Crucial Pakistan mission for Kerry
Senator details US complaints, seeks resolution
KABUL — The United States has reached a “critical moment’’ in its relationship with Pakistan after the killing of Osama bin Laden, Senator John F. Kerry said yesterday before flying to Pakistan to address what he called “very disturbing’’ evidence of the Pakistani government’s knowledge of insurgent sanctuaries.
Kerry, chairman of the Senate Foreign Relations Committee, has emerged in the past few years as an important envoy for Afghanistan and Pakistan during times of crisis. The Massachusetts Democrat is the most senior US official to travel to Pakistan since the raid on the Al Qaeda leader’s compound.
Bin Laden’s killing this month in a military town in Pakistan has generated perhaps the most important crossroads yet for US policymakers: a chance for the United States to decide whether it will continue to work with a Pakistani government it suspects of supporting Taliban factions, reduce aid, or make other changes to the relationship.
Pakistan is angry that it was not told about the raid until after it was completed. That prompted accusations that its sovereignty had been violated.
Kerry made clear yesterday that patience was running thin in Washington after it was discovered that the terror leader had been living for years in a compound in Abbottabad, a city that is home to Pakistan’s equivalent of West Point. But he also said he was hopeful the dispute could be resolved.
“I think for the moment we want to be hopeful and optimistic that we can work our way through this, get over this hiccup,’’ Kerry said in a news conference at the US embassy in Kabul.
Kerry did not tip the Obama administration’s hand on how it plans to proceed with Pakistan. But he said some of his congressional colleagues “have deep reservations about whether or not Pakistan is committed to the same goals, or prepared to be a full partner in pursuing these goals.’’
“Yes, there are insurgents coming across the border, yes they are operating out of North Waziristan and other areas of the sanctuaries, and yes, there is some evidence of Pakistan government knowledge of some of these activities in ways that is very disturbing,’’ Kerry said. When he talks with Pakistani officials , he said, “that will be, without any question, one of the subjects of conversation.’’
“This is not a moment for anything except very sober, serious discussion with an understanding that there’s a lot at stake,’’ Kerry said.
House and Senate lawmakers have urged cutting billions of dollars in aid to Pakistan.
In an indication of the seriousness of Kerry’s visit, Pakistan’s top officials, President Asif Ali Zardari, Prime Minister Yousuf Raza Gilani, and army General Ashfaq Parvez Kayani, met before the senator’s arrival.
The United States needs Pakistan’s cooperation if it hopes to find a solution to the Afghan war and help a reconciliation process that seeks a nonmilitary solution to the Taliban insurgency. It needs Pakistan’s military help against insurgents using its lawless tribal areas to stage attacks against American, coalition, and Afghan forces.
It also wants assurances that nuclear-armed Pakistan does not succumb to rising Islamic extremism and its own tenacious insurgency, which has cost the lives of thousands of soldiers and civilians.
Pakistan’s failing economy desperately needs American and other foreign aid. Since 2002, Pakistan has received more than $20 billion from the United States, making the country one of the largest US aid recipients, according to the Congressional Research Service. Nearly $9 billion of that has been in the form of reimbursements for Pakistan’s costs to support the US-led military campaign in Afghanistan.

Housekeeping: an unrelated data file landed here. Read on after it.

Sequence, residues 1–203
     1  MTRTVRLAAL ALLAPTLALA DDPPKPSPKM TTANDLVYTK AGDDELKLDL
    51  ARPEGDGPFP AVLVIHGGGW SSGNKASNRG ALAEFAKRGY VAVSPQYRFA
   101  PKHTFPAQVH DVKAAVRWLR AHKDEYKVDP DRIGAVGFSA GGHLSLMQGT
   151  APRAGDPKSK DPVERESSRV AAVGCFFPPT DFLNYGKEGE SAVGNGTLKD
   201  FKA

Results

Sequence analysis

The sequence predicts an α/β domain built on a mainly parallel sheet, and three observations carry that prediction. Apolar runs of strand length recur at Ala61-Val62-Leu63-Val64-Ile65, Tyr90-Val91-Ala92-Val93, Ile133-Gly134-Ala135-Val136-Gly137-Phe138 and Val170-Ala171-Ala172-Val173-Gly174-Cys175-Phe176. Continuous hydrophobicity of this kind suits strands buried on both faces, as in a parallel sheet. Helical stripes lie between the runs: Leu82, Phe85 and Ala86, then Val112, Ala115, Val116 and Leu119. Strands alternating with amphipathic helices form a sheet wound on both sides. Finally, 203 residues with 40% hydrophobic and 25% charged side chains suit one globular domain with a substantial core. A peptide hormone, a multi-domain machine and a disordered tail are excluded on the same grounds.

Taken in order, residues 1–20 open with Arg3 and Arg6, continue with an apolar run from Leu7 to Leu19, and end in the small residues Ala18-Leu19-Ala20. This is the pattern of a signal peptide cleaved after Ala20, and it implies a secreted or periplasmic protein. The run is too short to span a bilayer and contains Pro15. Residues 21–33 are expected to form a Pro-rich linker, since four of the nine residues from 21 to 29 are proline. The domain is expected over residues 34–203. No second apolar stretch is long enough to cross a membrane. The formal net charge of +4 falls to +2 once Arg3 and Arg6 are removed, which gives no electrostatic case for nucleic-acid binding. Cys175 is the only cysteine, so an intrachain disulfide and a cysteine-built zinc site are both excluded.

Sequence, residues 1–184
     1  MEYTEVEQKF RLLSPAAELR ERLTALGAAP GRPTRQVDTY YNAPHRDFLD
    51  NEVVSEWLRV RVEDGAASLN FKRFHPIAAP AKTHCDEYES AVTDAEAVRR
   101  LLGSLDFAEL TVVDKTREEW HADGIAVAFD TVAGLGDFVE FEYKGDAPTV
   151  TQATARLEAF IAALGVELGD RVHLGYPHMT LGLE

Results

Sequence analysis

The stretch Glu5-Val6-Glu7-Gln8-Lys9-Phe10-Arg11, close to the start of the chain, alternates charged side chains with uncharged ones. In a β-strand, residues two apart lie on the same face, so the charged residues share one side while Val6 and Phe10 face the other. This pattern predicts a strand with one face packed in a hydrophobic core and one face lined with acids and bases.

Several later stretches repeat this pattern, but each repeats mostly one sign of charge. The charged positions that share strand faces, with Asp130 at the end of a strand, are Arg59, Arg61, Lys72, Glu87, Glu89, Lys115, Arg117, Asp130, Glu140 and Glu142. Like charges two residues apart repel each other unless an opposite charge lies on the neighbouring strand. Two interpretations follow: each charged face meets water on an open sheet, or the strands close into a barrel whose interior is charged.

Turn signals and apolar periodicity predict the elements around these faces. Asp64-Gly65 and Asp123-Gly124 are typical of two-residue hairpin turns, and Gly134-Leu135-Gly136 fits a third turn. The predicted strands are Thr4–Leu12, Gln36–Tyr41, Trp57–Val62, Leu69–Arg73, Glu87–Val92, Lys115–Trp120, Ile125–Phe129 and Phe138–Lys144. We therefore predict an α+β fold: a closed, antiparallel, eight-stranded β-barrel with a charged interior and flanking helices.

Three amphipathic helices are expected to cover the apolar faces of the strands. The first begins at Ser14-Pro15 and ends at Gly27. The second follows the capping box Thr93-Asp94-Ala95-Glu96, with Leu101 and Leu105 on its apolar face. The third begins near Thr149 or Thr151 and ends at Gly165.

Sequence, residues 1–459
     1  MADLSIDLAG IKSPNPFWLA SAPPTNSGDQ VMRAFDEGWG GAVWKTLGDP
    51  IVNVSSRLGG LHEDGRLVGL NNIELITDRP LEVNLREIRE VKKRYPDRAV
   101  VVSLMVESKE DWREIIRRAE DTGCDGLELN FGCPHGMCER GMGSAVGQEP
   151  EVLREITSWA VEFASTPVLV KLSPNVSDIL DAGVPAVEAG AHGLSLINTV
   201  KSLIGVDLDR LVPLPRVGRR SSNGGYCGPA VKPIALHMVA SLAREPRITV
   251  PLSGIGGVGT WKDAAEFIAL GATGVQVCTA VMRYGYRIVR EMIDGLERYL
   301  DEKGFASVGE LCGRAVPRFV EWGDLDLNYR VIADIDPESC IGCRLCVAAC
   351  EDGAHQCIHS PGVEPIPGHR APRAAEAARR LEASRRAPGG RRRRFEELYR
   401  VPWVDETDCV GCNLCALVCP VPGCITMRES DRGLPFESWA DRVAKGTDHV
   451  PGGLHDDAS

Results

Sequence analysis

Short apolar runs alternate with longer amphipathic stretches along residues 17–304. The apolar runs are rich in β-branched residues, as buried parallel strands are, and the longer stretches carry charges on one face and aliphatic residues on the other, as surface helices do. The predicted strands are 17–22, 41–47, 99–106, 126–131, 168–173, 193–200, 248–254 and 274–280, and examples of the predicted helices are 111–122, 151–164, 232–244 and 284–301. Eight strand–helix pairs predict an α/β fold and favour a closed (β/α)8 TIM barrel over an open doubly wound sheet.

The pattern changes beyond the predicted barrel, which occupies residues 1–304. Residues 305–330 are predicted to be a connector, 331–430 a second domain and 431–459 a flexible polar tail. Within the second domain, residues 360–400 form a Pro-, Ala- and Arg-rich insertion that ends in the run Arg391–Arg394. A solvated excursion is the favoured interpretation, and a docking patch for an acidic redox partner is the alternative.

Kerry, who has been a supporter of Pakistan in the past, spent the weekend in Afghanistan meeting with President Hamid Karzai, his Cabinet, and US military officials pursuing the campaign against the insurgency.
He also said that bin Laden’s death may present a new opportunity for reconciliation with the Taliban in Afghanistan, and for revising the American role in Afghanistan.
That could include reducing troop levels and war spending, which would help address Afghanistan’s concerns about civilian casualties in coalition operations, while allowing Washington to shift military resources to areas where security needs are greater.
Kerry, who traveled to the border town of Khost as well as to the northern city of Mazar-e-Sharif during his two-day visit to Afghanistan, said he believes bin Laden’s death has added momentum to the process of reconciliation and potential for negotiations with the Taliban.
Afghan officials told him the Taliban have shown “heightened interest’’ in negotiations since bin Laden’s death, but he didn’t go into specifics. He suggested the Taliban “could be a part of a different makeup of a new Afghanistan.’’
Kerry lauded Pakistan’s help in the past in fighting terrorism, including allowing American intelligence personnel to operate in Pakistan, which he said had helped the United States track bin Laden.
Kerry said that during his visit to Khost he was briefed on Taliban and insurgent safe havens across the frontier in North Waziristan, used to launch attacks.
Pakistani leaders, military officials, the Parliament, and Islamic hard-liners have criticized frequent US drone strikes. Parliament has threatened to stop US and NATO supply convoys if the strikes continued.
A prominent hard-line Islamist leader with suspected militant ties drew at least 4,000 people to a rally yesterday in Lahore, Pakistan, in support of bin Laden and against the United States.
Hafiz Saeed, the leader of Jamaat-ud-Dawa, called bin Laden a martyr and demanded the Pakistani government break ties with the United States for killing him.
Material from the Associated Press was included in this report.